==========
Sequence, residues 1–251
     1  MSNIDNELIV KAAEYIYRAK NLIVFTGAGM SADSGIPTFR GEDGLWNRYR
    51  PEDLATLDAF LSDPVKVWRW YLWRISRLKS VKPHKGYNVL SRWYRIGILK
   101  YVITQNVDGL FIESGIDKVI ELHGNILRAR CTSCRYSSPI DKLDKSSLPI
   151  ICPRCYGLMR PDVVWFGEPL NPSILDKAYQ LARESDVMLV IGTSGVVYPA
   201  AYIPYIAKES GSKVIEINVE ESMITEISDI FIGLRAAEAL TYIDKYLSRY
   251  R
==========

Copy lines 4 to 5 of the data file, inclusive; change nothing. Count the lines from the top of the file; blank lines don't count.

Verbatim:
   101  YVITQNVDGL FIESGIDKVI ELHGNILRAR CTSCRYSSPI DKLDKSSLPI
   151  ICPRCYGLMR PDVVWFGEPL NPSILDKAYQ LARESDVMLV IGTSGVVYPA